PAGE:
Harry Kane

‘Kane and Abel?’ ‘Kane is Able!’ The headlines have practically written themselves over the past few months. But while the biblical allusions are by now a little worn, there remains a sense that Harry Kane really does represent the genesis of a new age in English football. With the Tottenham Hotspur striker and Darling of the Lane now poised to make his senior debut for the national side, we return to a time before the bright lights and expectations to talk hard work, handicaps and Gareth Bale.

Photography by Neil Bedford
Interview by Tom Reynolds

This is the extended version of an interview that first appeared in Issue Five of The Green Soccer Journal, Summer 2013 

Describe the definitive moment of your career so far.

I think it’d be making my debut at White Hart Lane for Spurs. I dreamt of it as a kid, growing up that’s what I wanted to do, and when I got that opportunity it was a special moment.

When was that?

Two or three years ago, now. I was eighteen at the time so I was only young. It was a great experience to be involved in and I’m just thankful to everyone that’s helped me during my career so far.

What keeps you focused?

Just the dream of being a footballer. To know that I’m close, and closer than most. And having that dream since boyhood of being a player really makes me want to get to the top and be the best I can be.

What’s the best thing about playing for a London club?

Growing up in London, being a London boy, it’s great to play for a local club and be close to your family. When you do have to go outside of London, it’s part of football – you adapt to it, and you get on with it.

Name an important figure in your life.

I’d say my family – I couldn’t really name one of them, we’re very close. They’ve helped me since I was young and have been a very big part of my career.

Who did you support growing up?

I was a Spurs fan! Being a local boy, that’s what I mean by the dream – it was a dream to play for Spurs as a kid and now that’s what happened.

Name the best player you’ve played with.

Probably Gareth Bale. He’s on top form at the moment, probably one of the best in the world, so to have played with him is a great achievement, and hopefully I’ll play with him again along the way, wherever he may be.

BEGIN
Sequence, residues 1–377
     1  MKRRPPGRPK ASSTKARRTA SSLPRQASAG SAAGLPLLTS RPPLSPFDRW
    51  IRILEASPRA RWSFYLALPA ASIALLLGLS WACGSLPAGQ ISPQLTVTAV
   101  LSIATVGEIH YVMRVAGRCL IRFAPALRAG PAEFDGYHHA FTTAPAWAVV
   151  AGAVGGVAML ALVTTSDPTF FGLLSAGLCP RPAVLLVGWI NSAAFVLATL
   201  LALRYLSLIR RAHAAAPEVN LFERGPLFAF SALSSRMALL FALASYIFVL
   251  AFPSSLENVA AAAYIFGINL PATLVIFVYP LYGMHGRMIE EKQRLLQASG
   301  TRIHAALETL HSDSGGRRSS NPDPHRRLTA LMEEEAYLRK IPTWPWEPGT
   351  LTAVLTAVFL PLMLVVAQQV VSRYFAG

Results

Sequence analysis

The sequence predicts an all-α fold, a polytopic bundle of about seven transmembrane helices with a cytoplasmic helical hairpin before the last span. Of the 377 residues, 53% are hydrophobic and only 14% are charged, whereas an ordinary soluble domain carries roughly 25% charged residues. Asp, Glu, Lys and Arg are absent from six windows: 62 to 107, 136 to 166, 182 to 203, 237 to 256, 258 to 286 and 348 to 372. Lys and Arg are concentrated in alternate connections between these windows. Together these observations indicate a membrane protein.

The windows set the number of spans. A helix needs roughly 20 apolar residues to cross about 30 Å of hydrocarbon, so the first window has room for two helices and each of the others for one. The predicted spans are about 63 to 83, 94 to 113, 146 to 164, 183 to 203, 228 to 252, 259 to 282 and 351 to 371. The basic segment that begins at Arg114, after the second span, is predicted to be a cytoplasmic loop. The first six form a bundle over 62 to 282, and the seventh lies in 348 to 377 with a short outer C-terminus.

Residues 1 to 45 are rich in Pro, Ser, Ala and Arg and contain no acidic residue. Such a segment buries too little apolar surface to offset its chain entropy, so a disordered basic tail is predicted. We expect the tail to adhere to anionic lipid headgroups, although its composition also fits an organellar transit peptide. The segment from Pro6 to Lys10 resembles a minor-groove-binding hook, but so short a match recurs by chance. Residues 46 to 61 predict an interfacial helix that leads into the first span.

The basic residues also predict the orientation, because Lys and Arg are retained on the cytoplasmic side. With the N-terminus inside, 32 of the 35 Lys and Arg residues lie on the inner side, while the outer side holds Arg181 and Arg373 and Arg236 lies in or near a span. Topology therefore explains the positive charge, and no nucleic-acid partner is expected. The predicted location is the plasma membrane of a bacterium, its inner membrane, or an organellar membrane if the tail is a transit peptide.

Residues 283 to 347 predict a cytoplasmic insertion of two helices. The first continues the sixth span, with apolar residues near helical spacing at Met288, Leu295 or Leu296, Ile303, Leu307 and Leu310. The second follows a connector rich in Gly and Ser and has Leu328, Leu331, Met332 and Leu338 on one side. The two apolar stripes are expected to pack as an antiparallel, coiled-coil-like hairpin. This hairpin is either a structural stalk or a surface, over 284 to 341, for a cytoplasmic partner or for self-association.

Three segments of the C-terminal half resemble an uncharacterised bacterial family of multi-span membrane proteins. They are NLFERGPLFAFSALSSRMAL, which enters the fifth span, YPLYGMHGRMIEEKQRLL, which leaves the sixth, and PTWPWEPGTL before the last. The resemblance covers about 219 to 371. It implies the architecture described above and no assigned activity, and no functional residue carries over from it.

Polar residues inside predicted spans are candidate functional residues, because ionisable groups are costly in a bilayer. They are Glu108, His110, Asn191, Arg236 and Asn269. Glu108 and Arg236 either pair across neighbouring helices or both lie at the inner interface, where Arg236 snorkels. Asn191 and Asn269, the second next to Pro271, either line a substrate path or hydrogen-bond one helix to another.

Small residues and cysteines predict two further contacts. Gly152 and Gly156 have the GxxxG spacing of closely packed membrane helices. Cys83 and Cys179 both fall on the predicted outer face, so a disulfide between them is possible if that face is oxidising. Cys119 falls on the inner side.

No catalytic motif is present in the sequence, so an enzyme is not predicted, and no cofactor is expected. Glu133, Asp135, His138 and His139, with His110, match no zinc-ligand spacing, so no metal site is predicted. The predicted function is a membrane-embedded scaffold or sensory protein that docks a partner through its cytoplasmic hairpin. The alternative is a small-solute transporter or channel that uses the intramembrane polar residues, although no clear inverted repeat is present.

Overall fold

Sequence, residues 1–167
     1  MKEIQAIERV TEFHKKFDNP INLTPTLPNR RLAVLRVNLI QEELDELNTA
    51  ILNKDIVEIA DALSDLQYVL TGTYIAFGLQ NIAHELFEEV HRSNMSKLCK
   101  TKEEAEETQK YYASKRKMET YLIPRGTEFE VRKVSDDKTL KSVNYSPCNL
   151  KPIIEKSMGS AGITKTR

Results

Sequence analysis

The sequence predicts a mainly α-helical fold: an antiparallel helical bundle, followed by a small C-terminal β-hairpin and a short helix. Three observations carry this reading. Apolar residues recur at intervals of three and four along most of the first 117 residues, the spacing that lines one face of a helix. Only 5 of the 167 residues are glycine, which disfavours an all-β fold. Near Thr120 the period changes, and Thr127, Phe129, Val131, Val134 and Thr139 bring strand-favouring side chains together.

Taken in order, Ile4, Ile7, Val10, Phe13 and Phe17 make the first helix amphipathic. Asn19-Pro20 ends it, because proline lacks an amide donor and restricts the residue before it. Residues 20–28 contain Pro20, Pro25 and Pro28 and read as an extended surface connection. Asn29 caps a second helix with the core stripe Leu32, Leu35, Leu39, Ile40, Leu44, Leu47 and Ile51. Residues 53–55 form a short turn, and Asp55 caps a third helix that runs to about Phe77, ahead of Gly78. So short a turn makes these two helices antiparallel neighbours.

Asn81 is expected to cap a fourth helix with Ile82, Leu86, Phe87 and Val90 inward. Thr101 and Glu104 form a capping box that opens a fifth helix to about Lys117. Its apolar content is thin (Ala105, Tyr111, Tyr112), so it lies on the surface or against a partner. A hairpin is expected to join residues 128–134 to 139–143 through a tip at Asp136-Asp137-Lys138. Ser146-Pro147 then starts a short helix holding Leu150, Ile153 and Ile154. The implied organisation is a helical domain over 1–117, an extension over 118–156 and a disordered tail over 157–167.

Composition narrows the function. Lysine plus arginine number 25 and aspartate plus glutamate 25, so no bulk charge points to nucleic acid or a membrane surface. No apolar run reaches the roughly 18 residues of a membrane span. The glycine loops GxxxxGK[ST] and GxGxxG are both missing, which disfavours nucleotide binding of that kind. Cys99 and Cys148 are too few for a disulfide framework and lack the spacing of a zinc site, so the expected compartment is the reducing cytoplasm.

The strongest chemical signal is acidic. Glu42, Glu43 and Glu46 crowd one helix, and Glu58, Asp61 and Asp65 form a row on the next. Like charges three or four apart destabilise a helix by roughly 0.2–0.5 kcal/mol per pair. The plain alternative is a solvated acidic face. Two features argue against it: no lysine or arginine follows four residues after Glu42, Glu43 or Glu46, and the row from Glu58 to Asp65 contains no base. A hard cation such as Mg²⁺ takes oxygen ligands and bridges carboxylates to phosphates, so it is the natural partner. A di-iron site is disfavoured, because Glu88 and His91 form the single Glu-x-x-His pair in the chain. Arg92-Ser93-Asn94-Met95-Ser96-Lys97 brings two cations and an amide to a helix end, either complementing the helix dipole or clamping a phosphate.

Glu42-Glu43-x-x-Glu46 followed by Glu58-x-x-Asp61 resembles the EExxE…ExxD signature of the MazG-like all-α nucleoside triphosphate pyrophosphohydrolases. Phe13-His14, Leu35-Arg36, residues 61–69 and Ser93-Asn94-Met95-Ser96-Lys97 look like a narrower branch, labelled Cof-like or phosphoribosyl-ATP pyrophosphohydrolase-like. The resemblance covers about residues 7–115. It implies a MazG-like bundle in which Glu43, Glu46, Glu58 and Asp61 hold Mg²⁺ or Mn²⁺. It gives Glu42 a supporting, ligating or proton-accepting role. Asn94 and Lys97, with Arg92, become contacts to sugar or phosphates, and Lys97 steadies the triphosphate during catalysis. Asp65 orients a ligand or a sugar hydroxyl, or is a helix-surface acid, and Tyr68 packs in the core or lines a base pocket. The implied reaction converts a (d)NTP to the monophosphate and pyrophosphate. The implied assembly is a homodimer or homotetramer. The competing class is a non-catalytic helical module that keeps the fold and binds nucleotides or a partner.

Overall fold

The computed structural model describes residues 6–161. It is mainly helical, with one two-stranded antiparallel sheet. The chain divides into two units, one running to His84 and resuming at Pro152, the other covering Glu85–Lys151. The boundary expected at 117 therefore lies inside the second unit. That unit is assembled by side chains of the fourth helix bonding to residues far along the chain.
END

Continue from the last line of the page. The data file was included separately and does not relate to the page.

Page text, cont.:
Do you get on well with him?

Yeah, definitely. He’s only young himself, so we do get on well. Everyone in the team gets on well. [Gareth] had to settle in and he’s proven himself now – he’s one of the best in the world.

What are your long-term goals?

To be an England senior international and to play in the Premiership week in, week out. That’s my goal, and it’s been my goal since I was a kid.

How do you spend your free time?

Probably mostly golf or shopping, one of the two. I do like a round of golf in my spare time. I think because you’re active [as a footballer], on your days off you want to get out and do other stuff. Golf is something that I enjoy, so when I get a bit of free time, that’s what I like to do.

What’s your handicap?

Ten, but I’m getting better.

Which player in the first team do you look to for inspiration?

I’d have to say Bale, just for where he’s at at the moment. That’s where I want to be, as one of the best in the world. To have him around, to look up to him, and to try and achieve what he’s achieved at his young age is something that really inspires me. […] He’s had to work his way to the top. It was quite tough for him when he started, but that’s what happens in this business; if you work hard, you can reach the top. […] He had a low time at Spurs at one stage, but now he’s at the top of his game and one of the best in the world, and it just proves that with hard work you can achieve pretty much anything.

This is the extended version of an interview that first appeared in Issue Five of The Green Soccer Journal, Summer 2013 

The Final Whistle The Guy From WeTransfer